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A basic continuous deployment process

Mon 12 Sep 2011

One of the major buzzwords floating around the Internet these days is continuous deployment. Continuous Deployment is the process of pushing code to servers straight from trunk at any moment. A number of companies do this on a commit/push and most of those companies have chosen to push the code straight to their production servers. This means they could be releasing up to once every 11 seconds. For those who want to learn more about it I suggest that you look up continuous deployment at Imvu, easy, flickr, Amazon and Mozilla.

The approach that I took for my setup was to have a deployment process similar to if you were to use Heroku or Joyent's no.de service. When I am ready to deploy I just want to do git push myserver master. I know this process won't scale well but for most sites this is all you need.

I have been developing an IRC bot for my team to use. It does lookups in Bugzilla, it can give people links to our Pivotal Tracker projects and does logging of what is happening in the channel and a few other things. So far my team has been making really good use of it, and being people who work in QA, they tend to find bugs or think of new features.

I wanted a way that I could fix bugs, or create features required, and release with out too much effort.

The following is what I do on my free AWS EC2 Micro instance. Please note that my IRC bot is written to run with Node.Js so some things will have a Node.Js slant but the my overall process will work for every one.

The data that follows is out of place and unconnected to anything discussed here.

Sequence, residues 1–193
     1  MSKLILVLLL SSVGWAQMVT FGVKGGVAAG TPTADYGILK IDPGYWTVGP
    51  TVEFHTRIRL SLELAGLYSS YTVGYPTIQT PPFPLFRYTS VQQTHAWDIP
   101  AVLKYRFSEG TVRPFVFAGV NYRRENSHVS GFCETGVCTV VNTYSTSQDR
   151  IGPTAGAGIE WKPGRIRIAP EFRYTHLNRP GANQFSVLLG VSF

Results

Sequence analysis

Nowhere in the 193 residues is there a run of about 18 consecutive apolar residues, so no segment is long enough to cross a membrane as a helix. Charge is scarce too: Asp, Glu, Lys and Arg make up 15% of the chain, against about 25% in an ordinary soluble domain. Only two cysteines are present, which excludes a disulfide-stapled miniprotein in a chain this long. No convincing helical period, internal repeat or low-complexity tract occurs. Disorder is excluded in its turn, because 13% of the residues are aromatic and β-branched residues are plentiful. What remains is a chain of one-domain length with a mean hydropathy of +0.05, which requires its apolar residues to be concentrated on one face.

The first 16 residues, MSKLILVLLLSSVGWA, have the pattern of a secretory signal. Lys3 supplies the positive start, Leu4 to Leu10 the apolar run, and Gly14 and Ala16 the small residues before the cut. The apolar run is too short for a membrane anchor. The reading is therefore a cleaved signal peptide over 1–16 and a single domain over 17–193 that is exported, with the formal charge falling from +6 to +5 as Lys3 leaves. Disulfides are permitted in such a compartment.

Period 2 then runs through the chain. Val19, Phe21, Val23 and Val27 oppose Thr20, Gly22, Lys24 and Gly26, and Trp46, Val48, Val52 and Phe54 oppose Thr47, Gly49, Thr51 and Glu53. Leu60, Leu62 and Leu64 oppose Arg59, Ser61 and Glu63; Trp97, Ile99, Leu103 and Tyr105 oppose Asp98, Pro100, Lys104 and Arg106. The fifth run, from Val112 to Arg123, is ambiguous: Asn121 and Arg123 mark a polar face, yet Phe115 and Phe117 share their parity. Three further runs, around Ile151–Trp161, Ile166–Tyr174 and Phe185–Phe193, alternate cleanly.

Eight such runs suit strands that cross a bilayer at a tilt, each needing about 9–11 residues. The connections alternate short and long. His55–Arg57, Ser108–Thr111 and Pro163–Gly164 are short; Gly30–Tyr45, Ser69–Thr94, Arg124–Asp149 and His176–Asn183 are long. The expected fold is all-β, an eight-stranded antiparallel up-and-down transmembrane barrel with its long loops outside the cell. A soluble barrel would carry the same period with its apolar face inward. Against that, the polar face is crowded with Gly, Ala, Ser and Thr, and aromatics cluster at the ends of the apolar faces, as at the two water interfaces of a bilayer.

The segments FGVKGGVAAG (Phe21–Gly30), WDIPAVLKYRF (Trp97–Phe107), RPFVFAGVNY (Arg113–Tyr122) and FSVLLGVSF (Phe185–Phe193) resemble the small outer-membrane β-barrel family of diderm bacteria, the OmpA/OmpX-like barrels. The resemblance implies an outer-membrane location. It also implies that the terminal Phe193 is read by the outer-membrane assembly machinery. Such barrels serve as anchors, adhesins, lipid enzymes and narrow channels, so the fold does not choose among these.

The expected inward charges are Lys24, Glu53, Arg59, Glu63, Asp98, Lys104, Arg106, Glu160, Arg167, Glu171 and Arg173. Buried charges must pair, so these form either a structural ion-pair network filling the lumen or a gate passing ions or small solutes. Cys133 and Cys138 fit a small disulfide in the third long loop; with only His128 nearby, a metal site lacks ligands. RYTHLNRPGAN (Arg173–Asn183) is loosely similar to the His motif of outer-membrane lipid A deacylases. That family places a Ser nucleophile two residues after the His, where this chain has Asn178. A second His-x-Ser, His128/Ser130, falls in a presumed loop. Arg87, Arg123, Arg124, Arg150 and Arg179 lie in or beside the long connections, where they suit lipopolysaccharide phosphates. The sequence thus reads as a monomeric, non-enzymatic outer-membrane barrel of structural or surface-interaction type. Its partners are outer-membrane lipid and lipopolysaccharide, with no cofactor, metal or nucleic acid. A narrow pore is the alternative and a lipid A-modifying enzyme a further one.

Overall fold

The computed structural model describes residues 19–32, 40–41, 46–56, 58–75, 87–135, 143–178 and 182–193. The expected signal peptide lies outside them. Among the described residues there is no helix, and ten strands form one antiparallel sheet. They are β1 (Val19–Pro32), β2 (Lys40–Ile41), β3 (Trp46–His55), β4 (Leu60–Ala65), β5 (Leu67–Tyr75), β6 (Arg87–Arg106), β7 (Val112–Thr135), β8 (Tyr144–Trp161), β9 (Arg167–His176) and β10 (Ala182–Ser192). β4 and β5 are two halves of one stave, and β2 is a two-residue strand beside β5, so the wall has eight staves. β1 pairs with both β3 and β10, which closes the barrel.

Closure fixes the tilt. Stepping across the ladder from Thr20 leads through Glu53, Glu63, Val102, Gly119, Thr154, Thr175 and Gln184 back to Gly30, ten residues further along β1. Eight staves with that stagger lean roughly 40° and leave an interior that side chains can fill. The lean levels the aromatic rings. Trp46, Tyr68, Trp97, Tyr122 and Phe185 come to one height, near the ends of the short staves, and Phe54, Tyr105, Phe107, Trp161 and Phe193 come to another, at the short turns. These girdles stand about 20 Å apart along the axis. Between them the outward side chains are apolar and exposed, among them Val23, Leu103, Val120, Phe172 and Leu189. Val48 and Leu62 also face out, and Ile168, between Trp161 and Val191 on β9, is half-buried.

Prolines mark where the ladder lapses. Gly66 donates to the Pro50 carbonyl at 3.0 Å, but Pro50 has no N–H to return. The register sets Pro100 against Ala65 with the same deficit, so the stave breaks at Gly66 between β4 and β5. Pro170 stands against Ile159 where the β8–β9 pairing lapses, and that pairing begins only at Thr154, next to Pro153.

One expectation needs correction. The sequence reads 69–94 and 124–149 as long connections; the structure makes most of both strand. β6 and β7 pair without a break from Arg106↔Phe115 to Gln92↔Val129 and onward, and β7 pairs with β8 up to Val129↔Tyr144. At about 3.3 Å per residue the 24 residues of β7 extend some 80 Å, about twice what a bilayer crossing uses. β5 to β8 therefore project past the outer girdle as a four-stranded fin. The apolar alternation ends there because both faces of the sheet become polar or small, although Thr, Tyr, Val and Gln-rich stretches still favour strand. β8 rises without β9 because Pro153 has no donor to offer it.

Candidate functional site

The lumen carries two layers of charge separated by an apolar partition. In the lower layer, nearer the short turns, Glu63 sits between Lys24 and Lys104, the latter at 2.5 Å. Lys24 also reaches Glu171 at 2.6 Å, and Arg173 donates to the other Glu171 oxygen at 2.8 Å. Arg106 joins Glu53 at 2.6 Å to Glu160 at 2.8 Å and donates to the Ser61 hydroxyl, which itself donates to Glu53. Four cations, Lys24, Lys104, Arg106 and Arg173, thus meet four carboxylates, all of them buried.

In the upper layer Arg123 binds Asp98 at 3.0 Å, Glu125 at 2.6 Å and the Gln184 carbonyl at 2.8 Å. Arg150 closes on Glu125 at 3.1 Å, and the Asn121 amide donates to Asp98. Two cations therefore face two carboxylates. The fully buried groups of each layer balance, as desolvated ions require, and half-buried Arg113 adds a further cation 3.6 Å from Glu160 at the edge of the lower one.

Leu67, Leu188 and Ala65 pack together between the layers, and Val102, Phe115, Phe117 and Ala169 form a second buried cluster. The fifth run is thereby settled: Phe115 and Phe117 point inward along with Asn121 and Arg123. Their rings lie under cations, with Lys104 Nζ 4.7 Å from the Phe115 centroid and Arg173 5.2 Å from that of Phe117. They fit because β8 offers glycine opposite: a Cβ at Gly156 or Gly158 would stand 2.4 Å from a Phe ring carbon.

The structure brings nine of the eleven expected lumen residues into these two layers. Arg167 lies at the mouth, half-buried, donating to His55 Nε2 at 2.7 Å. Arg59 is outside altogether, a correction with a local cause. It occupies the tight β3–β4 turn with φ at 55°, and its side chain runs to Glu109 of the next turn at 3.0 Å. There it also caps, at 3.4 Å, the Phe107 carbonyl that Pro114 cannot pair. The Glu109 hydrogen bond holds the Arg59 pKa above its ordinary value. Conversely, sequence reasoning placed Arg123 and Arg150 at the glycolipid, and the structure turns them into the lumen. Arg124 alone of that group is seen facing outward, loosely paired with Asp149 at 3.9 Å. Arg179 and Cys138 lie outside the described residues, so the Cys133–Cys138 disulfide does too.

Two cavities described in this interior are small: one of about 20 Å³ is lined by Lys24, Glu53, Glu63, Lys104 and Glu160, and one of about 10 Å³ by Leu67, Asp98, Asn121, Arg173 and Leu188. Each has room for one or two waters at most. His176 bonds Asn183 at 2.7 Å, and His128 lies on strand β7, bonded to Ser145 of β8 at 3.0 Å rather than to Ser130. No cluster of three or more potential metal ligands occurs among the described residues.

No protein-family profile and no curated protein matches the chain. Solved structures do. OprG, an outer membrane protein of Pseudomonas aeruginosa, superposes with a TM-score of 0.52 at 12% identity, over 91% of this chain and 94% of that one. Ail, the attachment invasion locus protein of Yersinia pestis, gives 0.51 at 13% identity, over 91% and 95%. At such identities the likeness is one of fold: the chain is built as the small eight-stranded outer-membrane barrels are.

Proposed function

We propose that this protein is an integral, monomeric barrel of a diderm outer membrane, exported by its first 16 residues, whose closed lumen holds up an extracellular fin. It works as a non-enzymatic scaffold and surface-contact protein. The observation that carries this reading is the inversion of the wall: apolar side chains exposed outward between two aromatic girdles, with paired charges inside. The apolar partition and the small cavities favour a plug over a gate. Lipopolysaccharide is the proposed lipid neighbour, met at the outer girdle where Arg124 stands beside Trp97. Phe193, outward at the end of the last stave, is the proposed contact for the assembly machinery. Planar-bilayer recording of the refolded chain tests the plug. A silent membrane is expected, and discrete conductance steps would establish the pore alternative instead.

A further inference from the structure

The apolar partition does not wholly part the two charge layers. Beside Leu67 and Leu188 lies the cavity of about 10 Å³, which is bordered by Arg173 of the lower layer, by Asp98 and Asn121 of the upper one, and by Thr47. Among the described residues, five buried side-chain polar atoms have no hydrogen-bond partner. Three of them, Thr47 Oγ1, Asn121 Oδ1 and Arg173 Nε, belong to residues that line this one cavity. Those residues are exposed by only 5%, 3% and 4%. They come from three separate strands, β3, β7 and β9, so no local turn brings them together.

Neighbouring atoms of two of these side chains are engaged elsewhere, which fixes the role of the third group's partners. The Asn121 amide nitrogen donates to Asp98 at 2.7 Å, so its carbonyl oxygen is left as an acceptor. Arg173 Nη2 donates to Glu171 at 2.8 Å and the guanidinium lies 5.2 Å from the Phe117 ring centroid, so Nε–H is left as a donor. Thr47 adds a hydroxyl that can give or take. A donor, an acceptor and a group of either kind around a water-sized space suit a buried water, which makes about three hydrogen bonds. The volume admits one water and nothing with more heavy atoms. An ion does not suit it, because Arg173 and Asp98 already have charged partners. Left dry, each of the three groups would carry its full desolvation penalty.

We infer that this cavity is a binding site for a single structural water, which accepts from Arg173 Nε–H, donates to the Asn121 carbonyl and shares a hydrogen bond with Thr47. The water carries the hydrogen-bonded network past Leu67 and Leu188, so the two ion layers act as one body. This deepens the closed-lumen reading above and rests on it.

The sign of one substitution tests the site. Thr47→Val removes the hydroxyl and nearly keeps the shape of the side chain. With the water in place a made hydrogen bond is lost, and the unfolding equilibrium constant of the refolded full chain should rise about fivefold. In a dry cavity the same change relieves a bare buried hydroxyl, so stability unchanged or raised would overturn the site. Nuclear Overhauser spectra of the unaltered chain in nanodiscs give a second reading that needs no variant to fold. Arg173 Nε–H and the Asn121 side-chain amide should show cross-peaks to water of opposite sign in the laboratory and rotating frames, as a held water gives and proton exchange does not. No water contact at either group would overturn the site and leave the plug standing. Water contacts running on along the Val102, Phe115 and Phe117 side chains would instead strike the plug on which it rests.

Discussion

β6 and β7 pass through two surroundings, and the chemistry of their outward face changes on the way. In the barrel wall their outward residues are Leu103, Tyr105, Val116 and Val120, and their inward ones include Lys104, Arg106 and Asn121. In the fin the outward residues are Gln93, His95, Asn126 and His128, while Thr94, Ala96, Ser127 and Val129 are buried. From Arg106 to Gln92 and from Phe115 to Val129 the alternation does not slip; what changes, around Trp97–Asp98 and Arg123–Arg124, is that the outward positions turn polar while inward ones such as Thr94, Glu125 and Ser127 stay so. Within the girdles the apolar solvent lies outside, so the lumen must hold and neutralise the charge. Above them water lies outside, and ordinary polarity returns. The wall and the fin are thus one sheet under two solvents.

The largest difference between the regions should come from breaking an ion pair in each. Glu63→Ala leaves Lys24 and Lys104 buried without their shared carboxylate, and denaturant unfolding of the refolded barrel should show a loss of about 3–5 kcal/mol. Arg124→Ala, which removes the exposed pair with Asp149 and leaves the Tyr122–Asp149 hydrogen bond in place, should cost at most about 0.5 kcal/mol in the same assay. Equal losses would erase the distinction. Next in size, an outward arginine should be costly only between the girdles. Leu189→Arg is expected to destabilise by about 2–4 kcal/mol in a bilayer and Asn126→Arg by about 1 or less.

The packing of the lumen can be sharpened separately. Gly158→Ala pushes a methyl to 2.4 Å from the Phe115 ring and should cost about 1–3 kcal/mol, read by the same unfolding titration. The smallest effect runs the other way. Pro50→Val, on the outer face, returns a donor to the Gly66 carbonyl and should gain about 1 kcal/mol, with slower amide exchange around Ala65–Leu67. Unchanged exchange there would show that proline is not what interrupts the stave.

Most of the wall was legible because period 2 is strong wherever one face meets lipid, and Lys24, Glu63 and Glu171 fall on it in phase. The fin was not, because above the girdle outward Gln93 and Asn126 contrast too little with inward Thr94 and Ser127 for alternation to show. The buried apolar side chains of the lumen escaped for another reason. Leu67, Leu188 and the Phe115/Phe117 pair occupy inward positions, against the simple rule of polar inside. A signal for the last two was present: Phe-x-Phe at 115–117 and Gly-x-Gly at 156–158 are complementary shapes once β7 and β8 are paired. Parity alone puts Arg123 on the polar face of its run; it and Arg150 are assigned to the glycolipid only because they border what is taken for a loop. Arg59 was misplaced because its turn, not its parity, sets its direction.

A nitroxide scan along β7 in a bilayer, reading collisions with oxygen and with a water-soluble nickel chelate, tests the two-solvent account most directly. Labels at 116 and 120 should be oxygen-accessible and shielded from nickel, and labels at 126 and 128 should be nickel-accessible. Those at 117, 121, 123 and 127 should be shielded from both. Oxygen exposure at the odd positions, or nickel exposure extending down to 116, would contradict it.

On the server you want to deploy do the following

mkdir project-folder.git # note the .git prefix 
mkdir project-folder 
cd project-folder.git 
git init --bare 
git config core.worktree project-folder
git config core.bare false
git config receive.denycurrentbranch ignore
cd hooks 
mv post-receive.sample post-receive 
Edit the post-receive file and add git checkout -f to the file

Now on our development machine a simple

git remote add micro ssh://user@aws-instance/~/project-folder.git 
git push micro master 

If you go into project-folder on your server you should see your code now. If you received a security exception make sure that you have copied your ssh public key, like the one you may have put on Github, in to ~/.ssh/authorized_keys on your server. Add a new line and then the ssh key. Try push again once that is correct.

Now we need a way to restart Node.Js when there is new code is deployed. I used Nodemon by Remy Sharp. Instead of doing node myapp.js just do nodemon myapp.js. Nodemon will restart the node process running you application when it sees changes to the JavaScript files.

If you do all of the above things you should have a basic Continuous Deployment process. I haven't created any rollback scripts for if something goes wrong but since you can push fixes quickly that shouldn't matter too much.

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